However, where cedar siding may require staining every 4-6 years, paint that has been properly applied to fibrous cement siding will easily last 7-10 years. In fact, the top manufacturers of fibrous cement siding offer a pre-painted product with a 15 year warranty on the factory applied paint. There are also many finish options available with fibrous cement siding, such as smooth, beaded, or a wood-grain look. Because the composition is mainly cement and sand, manufacturers guarantee this siding for 50 years against rotting, splitting, warping, buckling, or swelling. It is also resistant to rain, hail, snow, salt air, and termite/insect damage. Lastly, unlike wood or even vinyl siding, it is noncombustible.
How to Install Siding
The first decision of a siding project is to determine if you just need to repair and paint your siding, remove and replace your siding completely, or in some cases you can go over the top with another layer of siding. Once you have decided upon the manner of installation, you can come up with a budget and pick the type of siding product for your home.
When installing siding on your home, it is important to be aware that siding projects may appear simple initially, but are usually much more complex. For example, it is imperative to properly install flashing behind any potential water entry points, such as siding joints, at inside and outside corners, around windows and doors, etc.
Many DIY’ers, and even some contractors overlook this extremely important aspect of siding installation and regrettably discover rotted walls years later as a result. Additionally, to end up with a professional looking siding job, it is important to consistently keep the siding accurately lined up, plumb and level. This is especially complex when going around windows, doorways, and corners. Another complex aspect of installing your siding, is accurately installing the exterior trim. Even the smallest mistake can make a huge impact when the project is completed; even if only one small part is not lined up correctly it impacts the entire project.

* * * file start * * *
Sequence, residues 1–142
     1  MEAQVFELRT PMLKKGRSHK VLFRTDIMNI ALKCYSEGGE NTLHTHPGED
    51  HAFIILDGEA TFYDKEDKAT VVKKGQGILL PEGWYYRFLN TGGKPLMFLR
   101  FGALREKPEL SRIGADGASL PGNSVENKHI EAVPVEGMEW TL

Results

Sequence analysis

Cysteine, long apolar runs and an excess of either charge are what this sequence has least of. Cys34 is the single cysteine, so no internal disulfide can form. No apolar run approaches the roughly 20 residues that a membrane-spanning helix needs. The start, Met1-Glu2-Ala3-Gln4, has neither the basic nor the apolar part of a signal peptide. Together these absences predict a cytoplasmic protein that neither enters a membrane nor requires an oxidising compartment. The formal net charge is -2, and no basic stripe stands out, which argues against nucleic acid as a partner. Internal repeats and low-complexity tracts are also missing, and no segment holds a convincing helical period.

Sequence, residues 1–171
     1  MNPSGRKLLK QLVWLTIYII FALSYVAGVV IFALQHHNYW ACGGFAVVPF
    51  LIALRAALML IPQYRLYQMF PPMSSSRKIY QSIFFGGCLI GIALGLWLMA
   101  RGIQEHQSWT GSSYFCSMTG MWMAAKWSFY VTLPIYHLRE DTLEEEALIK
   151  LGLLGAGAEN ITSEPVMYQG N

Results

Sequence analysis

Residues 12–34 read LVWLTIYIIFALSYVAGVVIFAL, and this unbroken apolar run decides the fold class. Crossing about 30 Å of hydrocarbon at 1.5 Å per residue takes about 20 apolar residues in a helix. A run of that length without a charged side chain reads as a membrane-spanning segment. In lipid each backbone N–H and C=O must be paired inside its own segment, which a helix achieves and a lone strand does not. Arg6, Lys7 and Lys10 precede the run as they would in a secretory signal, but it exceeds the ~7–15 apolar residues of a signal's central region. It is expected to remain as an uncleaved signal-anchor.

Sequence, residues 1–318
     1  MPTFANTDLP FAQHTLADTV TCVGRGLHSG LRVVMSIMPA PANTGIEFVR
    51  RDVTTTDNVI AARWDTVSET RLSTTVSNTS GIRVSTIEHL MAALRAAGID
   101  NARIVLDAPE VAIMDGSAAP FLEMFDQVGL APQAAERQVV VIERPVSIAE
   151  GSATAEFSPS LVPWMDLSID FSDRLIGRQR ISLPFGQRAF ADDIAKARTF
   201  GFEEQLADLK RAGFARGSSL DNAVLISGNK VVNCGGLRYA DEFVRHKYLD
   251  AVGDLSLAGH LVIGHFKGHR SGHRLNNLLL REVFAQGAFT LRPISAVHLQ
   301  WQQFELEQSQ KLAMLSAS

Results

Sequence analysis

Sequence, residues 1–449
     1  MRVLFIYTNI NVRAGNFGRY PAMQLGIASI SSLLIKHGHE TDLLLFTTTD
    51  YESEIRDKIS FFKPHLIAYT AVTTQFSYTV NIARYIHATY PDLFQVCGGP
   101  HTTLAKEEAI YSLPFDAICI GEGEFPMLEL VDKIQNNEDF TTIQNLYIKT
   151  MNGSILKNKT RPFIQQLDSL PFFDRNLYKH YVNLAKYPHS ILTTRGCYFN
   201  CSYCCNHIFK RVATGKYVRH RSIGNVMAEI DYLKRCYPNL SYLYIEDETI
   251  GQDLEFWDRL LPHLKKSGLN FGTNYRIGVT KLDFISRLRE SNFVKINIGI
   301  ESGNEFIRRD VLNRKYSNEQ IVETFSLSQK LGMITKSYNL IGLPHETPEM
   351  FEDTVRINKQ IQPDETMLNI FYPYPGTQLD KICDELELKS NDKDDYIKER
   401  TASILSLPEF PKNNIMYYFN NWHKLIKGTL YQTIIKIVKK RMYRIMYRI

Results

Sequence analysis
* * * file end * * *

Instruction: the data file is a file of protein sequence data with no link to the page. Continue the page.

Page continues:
Installing Siding Professionally
Using a professional siding installer or contractor is the most cost effective option because they can work with you to determine the type of siding that is best for your home, what will work within your budget, and fits the needs of your residence. They also have access to the best prices on products, have access to the manpower to get your siding installed quickly and accurately, and already have the experience and tools to perform the installation correctly.
A contractor will make sure that siding is installed quickly and efficiently. They save time and material by having the necessary knowledge and experience needed to avoid waste due to mistakes or incorrect measurements. Also, because the exterior of your home is important to the value and perception of your home, it is important that it is installed correctly without unsightly mistakes.
A contractor will help organize and lead the specific craftsmen you will need to install the siding. Additionally, he/she can suggest cost saving ideas that can be done while the siding is being installed. For example, if you are replacing your siding, it is an ideal time to consider replacing the old, drafty windows in your house. It’s also a great time to install custom fabricated waterproof pans beneath your exterior doors to prevent water from rotting your floor.
Also, if you encounter rot while replacing the old siding on your house, a contractor will have the experience, man-power, and knowledge to make the proper repairs and keep the job moving forward. If you are using a professional contractor they will be able to organize any other craftsmen needed in a timely fashion, so there are no time lags or products wasted.
Here in Albemarle, Augusta, and Nelson Counties, there is a construction company you can trust to replace your siding, add siding to a new home construction or for any of your building needs. Contact Hatter and Sons, Incorporated for the best in carpentry, building techniques and leadership. Call Philip @ (540) 569-6351 today for a consultation.